Hydrogels as intracellular depots for drug delivery.

Mol Pharm 2012 Jan 16;9(1):196-200. Epub 2011 Nov 16.

Departments of Biomedical Engineering and Chemistry, Boston University, Boston, Massachusetts 02215, United States.

The intracellular activity and drug depot characteristics of micrometer-sized hydrogels are described. The hydrogel structure is formed after cellular uptake of a solid polymeric nanoparticle that swells in response to mildly acidic conditions as it transforms from a hydrophobic to a hydrophilic structure. These nanoparticles are rapidly taken up into A549 human non-small cell lung cancer cells with 88.3 ± 0.8% of cells experiencing uptake in 24 h, undergo expansion to release encapsulated drug and can effectively deliver chemotherapeutics in vitro. The anticancer drug paclitaxel was also shown to have a 3- to 4-fold increased affinity for the expanded nanoparticle state, allowing the expansile nanoparticles to act as intracellular drug depots and concentrate the drug locally.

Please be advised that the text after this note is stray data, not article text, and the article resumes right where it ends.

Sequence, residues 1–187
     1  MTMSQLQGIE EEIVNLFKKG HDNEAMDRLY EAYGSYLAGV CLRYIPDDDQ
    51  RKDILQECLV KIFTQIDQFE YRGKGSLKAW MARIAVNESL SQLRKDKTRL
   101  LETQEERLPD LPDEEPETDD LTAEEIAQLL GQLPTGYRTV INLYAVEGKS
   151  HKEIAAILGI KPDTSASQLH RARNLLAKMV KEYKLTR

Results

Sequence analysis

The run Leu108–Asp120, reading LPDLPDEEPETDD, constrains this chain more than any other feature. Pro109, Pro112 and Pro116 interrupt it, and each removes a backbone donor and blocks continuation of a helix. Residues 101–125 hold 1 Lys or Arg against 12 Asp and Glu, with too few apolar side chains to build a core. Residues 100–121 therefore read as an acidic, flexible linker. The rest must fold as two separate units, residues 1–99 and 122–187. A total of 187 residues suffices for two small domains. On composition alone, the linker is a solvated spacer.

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http://dx.doi.org/10.1021/mp200367sDOI Listing
January 2012
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